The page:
A second selective evaporation is now performed, whereby silver is deposited at discrete regions 20, 21 and 22, where 20 covers the region between the channels 2 and 3 and partly encroaches on both, and 21 and 22 contact separate parts of the channels 2 and 3 respectively together with the remainder of that face of the block 1. These regions are used as contact pads for receiving e.g. wires, 20 being known as the gate, 21 as the source and 22 as the drain.
To form good contacts between the source 21 and the respective n+ layer 1b and between the drain 22 and the respective n+ layer 1b, a breakdown voltge of 50V is applied to the source 21 and then to the drain 22, thus creating a field of 107 V/cm across the Al2 O3 layer 7, which breaks down at those parts thereof shown cross-hatched. Experiments show that the GaAs native oxide layer 1a does not break until 80V are applied (a field of 8×106 V/cm).
Either before or after this Al2 O3 breakdown step, wires are bonded to the three silver contact pads 20, 21 and 22 and a contact and a heat-sink are applied to the layer 12.
The top surface (as drawn) of the block 1 thus consists only of silver and Al2 O3, which are both relatively inert, mechanically strong and non-volatile, thus protecting the underlying layer structure from volatilisation, chemical break-down of the GaAs oxide and mechanical abrasion. The Al2 O3 layers in addition provide the gate 20 with an overlap, as required, over the n+ layers 1B.
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|Citing Patent||Filing date||Publication date||Applicant||Title|
|US4488349 *||Mar 15, 1983||Dec 18, 1984||Nissan Motor Company, Limited||Method of repairing shorts in parallel connected vertical semiconductor devices by selective anodization|
|US4524378 *||Jul 21, 1983||Jun 18, 1985||Hughes Aircraft Company||Anodizable metallic contacts to mercury cadmium telleride|
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|US5183779 *||May 3, 1991||Feb 2, 1993||The United States Of America As Represented By The Secretary Of The Navy||Method for doping GaAs with high vapor pressure elements|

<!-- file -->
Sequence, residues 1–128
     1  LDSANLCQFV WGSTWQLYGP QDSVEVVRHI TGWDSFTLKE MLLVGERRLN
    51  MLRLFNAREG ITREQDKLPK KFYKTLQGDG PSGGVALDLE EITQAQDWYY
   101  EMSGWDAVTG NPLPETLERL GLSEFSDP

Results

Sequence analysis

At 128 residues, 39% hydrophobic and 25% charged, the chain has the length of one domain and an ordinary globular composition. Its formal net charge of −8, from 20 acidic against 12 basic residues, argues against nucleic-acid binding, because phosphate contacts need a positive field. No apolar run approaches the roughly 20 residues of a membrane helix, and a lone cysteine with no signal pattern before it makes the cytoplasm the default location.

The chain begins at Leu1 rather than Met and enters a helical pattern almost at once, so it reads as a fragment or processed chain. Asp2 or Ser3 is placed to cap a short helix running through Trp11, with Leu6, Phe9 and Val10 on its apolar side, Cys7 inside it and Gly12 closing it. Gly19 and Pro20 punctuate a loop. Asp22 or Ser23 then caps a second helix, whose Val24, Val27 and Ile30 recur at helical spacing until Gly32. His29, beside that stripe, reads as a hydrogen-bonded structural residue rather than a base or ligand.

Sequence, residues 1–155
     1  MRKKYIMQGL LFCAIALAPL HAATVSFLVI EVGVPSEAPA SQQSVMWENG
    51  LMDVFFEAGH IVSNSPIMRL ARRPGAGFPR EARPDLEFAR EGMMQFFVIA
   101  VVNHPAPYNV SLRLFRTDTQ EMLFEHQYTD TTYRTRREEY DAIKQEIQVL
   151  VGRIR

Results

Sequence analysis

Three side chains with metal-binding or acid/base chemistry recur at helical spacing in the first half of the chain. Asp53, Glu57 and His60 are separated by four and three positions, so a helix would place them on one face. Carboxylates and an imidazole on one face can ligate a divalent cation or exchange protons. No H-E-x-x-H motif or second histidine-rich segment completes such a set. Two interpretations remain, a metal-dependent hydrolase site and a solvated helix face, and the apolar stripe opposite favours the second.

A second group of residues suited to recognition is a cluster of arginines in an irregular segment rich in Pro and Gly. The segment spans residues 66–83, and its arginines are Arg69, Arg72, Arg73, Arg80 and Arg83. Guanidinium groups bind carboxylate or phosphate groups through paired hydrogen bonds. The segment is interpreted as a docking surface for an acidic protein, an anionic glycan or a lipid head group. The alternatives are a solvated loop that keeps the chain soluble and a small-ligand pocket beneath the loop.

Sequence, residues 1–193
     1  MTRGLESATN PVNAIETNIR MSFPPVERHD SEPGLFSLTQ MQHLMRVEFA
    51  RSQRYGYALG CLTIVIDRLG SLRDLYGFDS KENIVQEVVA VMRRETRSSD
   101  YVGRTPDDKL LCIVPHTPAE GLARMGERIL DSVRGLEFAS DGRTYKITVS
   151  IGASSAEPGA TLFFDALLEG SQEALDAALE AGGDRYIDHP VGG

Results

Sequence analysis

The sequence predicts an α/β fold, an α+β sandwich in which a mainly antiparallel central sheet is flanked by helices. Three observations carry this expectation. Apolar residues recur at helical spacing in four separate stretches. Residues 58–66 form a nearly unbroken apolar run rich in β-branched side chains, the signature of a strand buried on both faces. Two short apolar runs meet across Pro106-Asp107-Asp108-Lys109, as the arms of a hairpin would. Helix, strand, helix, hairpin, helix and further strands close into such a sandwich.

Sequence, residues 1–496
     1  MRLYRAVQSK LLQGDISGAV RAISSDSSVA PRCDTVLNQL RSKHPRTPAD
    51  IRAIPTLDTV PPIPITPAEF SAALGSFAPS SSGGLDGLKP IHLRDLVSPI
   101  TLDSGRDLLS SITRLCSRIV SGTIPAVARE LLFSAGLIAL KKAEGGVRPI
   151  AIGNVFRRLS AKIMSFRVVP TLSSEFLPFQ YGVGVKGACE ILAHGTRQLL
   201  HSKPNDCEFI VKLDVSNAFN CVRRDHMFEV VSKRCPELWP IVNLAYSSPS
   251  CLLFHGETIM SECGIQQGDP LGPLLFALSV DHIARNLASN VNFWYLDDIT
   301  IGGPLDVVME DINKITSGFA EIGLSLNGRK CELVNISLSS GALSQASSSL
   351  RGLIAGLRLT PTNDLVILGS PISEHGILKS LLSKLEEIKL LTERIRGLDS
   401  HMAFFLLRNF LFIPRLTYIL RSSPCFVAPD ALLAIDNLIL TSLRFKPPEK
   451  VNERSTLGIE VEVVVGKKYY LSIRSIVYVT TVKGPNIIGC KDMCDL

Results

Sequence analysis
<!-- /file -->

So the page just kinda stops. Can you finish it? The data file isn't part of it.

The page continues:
|US5747838 *||Nov 27, 1996||May 5, 1998||The Regents Of The University Of California||Ultra-low phase noise GaAs MOSFETs|
|US5965005 *||Sep 22, 1997||Oct 12, 1999||National Science Council||Mask for porous silicon formation|
|US6221719 *||Jul 21, 1998||Apr 24, 2001||Stmicroelectronics S.R.L.||Process for the manufacturing of a DMOS-technology transistor providing for a single thermal process for the formation of source and body regions|
|US6472695||Jun 15, 2000||Oct 29, 2002||The Regents Of The University Of California||Increased lateral oxidation rate of aluminum indium arsenide|
|US7061110 *||Sep 1, 1999||Jun 13, 2006||Industrial Technology Research Institute||Ohmic contact to semiconductor devices and method of manufacturing the same|
|US20110068348 *||Mar 24, 2011||Taiwan Semiconductor Manufacturing Company, Ltd.||Thin body mosfet with conducting surface channel extensions and gate-controlled channel sidewalls|
|U.S. Classification||257/289, 205/124, 438/285, 438/590, 438/767, 438/559, 257/E21.289, 438/762, 148/DIG.56, 257/E29.089, 257/405, 257/743, 257/E29.255, 438/466|
|International Classification||H01L29/20, H01L29/78, H01L21/316|
|Cooperative Classification||H01L21/02258, Y10S148/056, H01L21/31679, H01L21/02178, H01L21/02241, H01L29/20, H01L29/78, H01L21/02244|
|European Classification||H01L21/02K2E2L, H01L21/02K2E2B2F, H01L21/02K2C1M3A, H01L21/02K2E2B4, H01L21/316C2C3, H01L29/20, H01L29/78|